As the nose occupies a central position on the face, its size and shape has a great impact on an individual’s appearance. Nasal reshaping—also referred to as “nasal surgery,” “rhinoplasty,” or a “nose job”—is a procedure to enhance facial symmetry and the measurements of the nose according to other facial structures (it can modify the shape, size, and overall appearance of the nose). Likewise, this procedure can be useful to correct breathing problems as a consequence of structural abnormalities (like congenital defects).
Rhinoplasty can also be performed to reshape the septum and produce better alignment. If the plastic surgeon is going to correct an obstructed airway, he should first evaluate the patient's nose carefully, in order to improve breathing.
Every year, half a million people seek consultation for the enhancement of the appearance of their nose. Rhinoplasty is in the top five of the most common plastic surgeries in the United States. It is estimated that it is performed more than 400,000 times each year.
Who is an ideal candidate for nasal reshaping?
Rhinoplasty can be done in two cases. One of them is as a cosmetic procedure; most people who undergo this procedure only desire to change the shape of their nose, making it more proportionate with the rest of the face. In the second case, it is performed as a medical procedure; some people who undergo this surgery wish to improve anatomical abnormalities or injuries or to eliminate any discomfort or difficulty breathing.
An ideal candidate for the procedure is a physically and mentally healthy person that understands the limits of the procedure and has realistic desires, with one or more of these characteristics:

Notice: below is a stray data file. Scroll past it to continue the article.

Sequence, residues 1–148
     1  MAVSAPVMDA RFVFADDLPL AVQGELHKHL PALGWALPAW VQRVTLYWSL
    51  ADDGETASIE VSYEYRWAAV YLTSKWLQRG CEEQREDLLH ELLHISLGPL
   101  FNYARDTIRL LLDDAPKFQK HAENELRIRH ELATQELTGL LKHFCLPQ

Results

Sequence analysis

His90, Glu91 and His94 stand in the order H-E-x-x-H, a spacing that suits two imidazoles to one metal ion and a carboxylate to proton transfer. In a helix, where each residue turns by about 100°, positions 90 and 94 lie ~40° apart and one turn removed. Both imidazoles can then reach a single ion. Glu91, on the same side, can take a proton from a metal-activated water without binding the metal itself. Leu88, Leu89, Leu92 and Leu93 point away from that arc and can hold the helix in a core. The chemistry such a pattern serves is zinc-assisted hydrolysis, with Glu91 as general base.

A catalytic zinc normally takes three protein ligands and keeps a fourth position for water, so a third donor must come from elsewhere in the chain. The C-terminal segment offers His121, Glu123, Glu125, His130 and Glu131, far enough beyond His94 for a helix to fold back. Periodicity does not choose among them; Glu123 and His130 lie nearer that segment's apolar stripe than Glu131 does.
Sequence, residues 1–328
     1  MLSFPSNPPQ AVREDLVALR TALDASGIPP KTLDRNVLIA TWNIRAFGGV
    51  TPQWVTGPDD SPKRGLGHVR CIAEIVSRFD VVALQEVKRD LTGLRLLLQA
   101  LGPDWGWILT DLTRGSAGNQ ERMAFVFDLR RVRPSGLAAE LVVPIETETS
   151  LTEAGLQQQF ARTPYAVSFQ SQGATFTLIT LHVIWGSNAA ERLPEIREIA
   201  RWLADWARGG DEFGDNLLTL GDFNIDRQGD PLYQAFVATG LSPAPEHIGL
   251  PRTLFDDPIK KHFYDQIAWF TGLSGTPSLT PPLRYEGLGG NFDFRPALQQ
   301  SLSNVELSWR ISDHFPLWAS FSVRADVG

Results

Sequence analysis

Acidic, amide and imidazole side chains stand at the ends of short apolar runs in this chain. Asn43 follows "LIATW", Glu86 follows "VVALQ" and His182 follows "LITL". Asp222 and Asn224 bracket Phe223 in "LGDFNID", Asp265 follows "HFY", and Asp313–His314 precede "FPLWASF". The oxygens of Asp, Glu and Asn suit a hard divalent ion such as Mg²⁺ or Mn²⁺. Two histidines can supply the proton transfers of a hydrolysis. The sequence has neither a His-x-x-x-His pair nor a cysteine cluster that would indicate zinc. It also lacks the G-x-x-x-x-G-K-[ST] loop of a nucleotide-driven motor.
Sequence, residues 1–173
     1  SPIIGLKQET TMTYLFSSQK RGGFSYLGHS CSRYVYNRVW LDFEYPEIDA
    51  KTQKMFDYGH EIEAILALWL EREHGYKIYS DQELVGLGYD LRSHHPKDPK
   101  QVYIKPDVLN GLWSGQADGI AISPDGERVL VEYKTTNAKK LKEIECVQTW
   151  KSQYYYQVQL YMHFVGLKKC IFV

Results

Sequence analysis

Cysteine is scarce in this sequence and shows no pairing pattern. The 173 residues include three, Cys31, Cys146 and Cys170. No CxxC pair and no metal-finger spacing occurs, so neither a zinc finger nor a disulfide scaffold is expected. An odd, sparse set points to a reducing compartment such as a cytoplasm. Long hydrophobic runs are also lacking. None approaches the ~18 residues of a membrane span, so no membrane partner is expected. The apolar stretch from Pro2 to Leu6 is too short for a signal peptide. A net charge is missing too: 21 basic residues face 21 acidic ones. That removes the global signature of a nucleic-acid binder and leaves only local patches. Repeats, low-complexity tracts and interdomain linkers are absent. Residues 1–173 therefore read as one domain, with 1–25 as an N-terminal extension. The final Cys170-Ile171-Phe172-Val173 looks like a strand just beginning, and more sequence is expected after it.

- Patients who feel that their nose is very large or wide—or even very small—and does not match the rest of the facial structures
- Patients who want to remove bumps or depressions on the nose, or want to change the angle of the nose in relation to the upper lip
- Patients who have an enlarged, bulbous, or hooked nasal tip
- Patients with a crooked nose (naturally or due to injuries) that is asymmetrical, which
causes problems breathing, especially when the internal structures are affected (such as a deviated septum)
Plastic surgeons recommend waiting until 14 or 15 years of age to perform the procedure on girls, and a little longer for boys. After this age, it is believed that the facial growth is finished.
Some medical conditions can be corrected with functional rhinoplasty, including:
- Nasal vestibular stenosis—this condition causes airway obstruction because the nasal walls present an inward increase in size.
- Inferior turbinate enlarged—this condition also narrows the airway, so the plastic surgeon should remove part of the turbinate tissue to extend the airway.
- Nasal fractures or congenital deviated nasal septum—in these conditions, the nasal septum conducts the air into the nose poorly, so the plastic surgeon will reshape it to make it more central.
What are the advantages of nasal reshaping?
- This surgery reshapes, resizes, and/or changes the angle of the nose.
- The surgeon can correct anatomical abnormalities to improve breathing and avoid symptoms caused by nasal congestion.
- Changes in the patient's appearance can help to improve their self-esteem and self-confidence.
What are the disadvantages of nasal reshaping?
- Some techniques can leave visible permanent scars (especially at the nose's base).
- When the surgeon uses grafts, they may cause skin injuries or damage to other internal tissues.
- In some cases, the patient's appearance changes greatly, so they need time to adjust to their new look.
How much does nasal reshaping cost?
According to 2014 statistics from the American Society of Plastic Surgeons, the average cost of nasal reshaping is $4,694 (this price does not include anesthesia, operating room facilities, or other related expenses). However, the cost can range from $3,000 to $15,000, depending on the plastic surgeon's expertise and the structures that will be corrected during the procedure, among other factors.
When rhinoplasty is performed to improve breathing function (functional rhinoplasty), the cause is most commonly an obstructed airway. This procedure, whether performed alone or in conjunction with cosmetic rhinoplasty, is considered reconstructive and may be covered by some insurances.